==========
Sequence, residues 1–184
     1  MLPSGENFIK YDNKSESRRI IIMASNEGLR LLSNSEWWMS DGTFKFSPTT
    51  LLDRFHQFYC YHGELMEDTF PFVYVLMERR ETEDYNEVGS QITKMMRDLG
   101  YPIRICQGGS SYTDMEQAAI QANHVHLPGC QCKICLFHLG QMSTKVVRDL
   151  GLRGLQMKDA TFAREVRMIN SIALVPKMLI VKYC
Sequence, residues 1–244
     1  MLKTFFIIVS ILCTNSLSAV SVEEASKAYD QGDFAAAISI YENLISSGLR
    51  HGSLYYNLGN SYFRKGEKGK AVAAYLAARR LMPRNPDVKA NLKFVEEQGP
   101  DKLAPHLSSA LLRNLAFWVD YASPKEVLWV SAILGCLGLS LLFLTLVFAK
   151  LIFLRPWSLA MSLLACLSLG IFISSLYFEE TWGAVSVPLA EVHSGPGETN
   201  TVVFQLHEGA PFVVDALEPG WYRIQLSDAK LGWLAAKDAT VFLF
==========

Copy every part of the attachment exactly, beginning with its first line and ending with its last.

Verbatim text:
Sequence, residues 1–184
     1  MLPSGENFIK YDNKSESRRI IIMASNEGLR LLSNSEWWMS DGTFKFSPTT
    51  LLDRFHQFYC YHGELMEDTF PFVYVLMERR ETEDYNEVGS QITKMMRDLG
   101  YPIRICQGGS SYTDMEQAAI QANHVHLPGC QCKICLFHLG QMSTKVVRDL
   151  GLRGLQMKDA TFAREVRMIN SIALVPKMLI VKYC
Sequence, residues 1–244
     1  MLKTFFIIVS ILCTNSLSAV SVEEASKAYD QGDFAAAISI YENLISSGLR
    51  HGSLYYNLGN SYFRKGEKGK AVAAYLAARR LMPRNPDVKA NLKFVEEQGP
   101  DKLAPHLSSA LLRNLAFWVD YASPKEVLWV SAILGCLGLS LLFLTLVFAK
   151  LIFLRPWSLA MSLLACLSLG IFISSLYFEE TWGAVSVPLA EVHSGPGETN
   201  TVVFQLHEGA PFVVDALEPG WYRIQLSDAK LGWLAAKDAT VFLF